the social importance of the concept in the conception of philosophy and education of john dewey

darcísio muraro


This paper investigates the importance of the social dimension in the conception of the concept developed by Dewey. It explores the concept as a component of the meaning of the experience. As such, philosophy can be understood as the study of the experience of life, and a process of reconstruction of concepts through the critique of habits and cultural prejudices, and the construction of new hypotheses that operate as a source of both emancipation and enrichment. The concept operates like an instrument in the conduct of intelligent experience, and language plays a basic role in this process as the “instrument of the instruments.” Language makes it possible to represent the uses of the concept, and to enlarge experience indefinitely through free communication. Democratic life is the only form life worthy of human beings. In it, conjoint associated experience reaches its full form in the free and necessary communication of concepts between individuals, and in the shared action that provides continuity in social life. Education itself is the experience itself of associated, meaningful, communicated life.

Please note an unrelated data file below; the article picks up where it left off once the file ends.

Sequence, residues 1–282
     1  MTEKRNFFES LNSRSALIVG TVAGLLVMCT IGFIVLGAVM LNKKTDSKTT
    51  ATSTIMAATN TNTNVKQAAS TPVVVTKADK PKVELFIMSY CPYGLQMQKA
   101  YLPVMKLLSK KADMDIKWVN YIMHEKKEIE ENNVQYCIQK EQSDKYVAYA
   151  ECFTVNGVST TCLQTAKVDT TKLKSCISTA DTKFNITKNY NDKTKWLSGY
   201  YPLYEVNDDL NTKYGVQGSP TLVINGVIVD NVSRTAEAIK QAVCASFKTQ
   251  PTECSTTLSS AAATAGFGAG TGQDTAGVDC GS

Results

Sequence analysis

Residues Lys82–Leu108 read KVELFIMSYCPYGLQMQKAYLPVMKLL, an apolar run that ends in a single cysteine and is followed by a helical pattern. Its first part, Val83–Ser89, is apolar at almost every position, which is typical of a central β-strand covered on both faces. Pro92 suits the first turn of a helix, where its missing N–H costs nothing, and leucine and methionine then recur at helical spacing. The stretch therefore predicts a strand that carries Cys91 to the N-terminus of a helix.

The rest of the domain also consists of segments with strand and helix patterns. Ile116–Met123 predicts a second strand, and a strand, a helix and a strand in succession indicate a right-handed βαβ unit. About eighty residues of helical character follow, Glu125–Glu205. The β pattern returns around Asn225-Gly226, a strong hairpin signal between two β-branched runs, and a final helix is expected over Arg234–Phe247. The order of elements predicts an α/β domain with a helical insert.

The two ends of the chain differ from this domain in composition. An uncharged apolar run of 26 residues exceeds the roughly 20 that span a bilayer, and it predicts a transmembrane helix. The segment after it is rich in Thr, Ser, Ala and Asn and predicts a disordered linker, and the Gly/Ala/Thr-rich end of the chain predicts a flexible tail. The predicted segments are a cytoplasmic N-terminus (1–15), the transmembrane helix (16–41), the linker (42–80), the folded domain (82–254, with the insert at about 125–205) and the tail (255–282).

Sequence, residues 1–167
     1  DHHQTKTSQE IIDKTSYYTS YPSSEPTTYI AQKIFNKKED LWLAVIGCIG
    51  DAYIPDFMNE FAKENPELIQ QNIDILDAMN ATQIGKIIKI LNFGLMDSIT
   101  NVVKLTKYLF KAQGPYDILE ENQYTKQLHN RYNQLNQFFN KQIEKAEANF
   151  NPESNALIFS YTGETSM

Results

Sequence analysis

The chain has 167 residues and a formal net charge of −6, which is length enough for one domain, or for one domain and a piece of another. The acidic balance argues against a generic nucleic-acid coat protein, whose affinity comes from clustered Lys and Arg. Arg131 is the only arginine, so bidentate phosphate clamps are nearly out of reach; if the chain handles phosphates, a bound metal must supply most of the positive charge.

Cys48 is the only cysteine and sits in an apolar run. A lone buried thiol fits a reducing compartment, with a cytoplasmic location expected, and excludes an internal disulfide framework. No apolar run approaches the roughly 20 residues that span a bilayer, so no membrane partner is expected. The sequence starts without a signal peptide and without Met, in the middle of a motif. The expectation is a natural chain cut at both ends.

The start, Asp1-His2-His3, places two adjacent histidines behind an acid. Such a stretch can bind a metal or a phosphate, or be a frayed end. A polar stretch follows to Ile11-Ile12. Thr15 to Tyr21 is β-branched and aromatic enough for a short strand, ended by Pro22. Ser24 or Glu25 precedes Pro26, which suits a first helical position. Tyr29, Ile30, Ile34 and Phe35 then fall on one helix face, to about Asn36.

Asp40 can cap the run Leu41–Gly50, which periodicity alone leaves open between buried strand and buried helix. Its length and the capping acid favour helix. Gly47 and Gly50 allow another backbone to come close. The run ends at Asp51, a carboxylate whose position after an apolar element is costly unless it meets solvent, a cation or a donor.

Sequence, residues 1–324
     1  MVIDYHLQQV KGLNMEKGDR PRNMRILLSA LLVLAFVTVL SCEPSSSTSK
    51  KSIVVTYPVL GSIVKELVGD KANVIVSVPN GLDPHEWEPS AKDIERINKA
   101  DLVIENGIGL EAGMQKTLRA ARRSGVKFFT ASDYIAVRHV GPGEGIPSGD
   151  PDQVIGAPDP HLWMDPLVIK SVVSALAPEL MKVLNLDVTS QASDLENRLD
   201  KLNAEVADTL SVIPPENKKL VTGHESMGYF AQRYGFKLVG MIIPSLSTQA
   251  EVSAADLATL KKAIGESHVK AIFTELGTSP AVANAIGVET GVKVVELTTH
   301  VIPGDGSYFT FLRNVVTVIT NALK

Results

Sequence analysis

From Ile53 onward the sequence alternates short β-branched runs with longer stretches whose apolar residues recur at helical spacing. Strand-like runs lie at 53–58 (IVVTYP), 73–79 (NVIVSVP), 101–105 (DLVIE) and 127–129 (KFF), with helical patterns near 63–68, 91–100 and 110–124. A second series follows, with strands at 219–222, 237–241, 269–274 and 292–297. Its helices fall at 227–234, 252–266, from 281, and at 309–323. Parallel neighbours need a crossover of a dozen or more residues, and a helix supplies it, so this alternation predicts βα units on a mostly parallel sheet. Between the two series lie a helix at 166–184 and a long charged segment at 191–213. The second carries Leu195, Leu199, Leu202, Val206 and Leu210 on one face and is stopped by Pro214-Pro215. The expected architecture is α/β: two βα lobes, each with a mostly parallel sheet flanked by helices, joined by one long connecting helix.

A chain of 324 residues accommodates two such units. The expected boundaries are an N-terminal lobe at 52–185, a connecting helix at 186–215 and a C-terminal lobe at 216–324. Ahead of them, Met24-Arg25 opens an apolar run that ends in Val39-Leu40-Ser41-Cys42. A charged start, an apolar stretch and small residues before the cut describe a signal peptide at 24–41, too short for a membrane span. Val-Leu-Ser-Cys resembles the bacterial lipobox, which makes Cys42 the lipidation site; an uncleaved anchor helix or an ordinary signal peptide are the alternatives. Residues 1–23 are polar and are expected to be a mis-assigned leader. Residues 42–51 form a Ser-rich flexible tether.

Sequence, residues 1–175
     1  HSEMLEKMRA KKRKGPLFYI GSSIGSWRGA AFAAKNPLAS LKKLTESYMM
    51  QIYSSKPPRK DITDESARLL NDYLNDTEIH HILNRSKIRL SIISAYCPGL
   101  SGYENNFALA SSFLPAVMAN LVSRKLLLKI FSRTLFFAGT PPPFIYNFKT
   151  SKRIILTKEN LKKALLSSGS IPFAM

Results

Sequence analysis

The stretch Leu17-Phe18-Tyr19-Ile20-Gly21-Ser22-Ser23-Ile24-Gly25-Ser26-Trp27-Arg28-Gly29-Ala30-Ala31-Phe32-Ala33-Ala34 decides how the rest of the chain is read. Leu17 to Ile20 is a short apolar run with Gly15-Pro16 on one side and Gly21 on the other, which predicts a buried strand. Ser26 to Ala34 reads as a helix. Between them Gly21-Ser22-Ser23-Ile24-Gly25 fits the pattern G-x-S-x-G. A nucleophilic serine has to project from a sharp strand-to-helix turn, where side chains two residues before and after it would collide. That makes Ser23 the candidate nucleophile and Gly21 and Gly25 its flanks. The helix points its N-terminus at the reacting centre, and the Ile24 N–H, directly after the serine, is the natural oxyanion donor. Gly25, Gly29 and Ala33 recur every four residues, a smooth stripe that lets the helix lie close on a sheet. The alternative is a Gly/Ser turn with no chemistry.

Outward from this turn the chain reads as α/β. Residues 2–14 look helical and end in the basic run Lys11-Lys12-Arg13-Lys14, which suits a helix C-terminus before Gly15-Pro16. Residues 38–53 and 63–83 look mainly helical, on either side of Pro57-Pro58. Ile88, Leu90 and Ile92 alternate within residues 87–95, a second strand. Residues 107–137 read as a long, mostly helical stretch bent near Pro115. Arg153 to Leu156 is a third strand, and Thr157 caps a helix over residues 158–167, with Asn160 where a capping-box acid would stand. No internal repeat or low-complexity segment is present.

concept; experience; language; thinking; philosophy; education.


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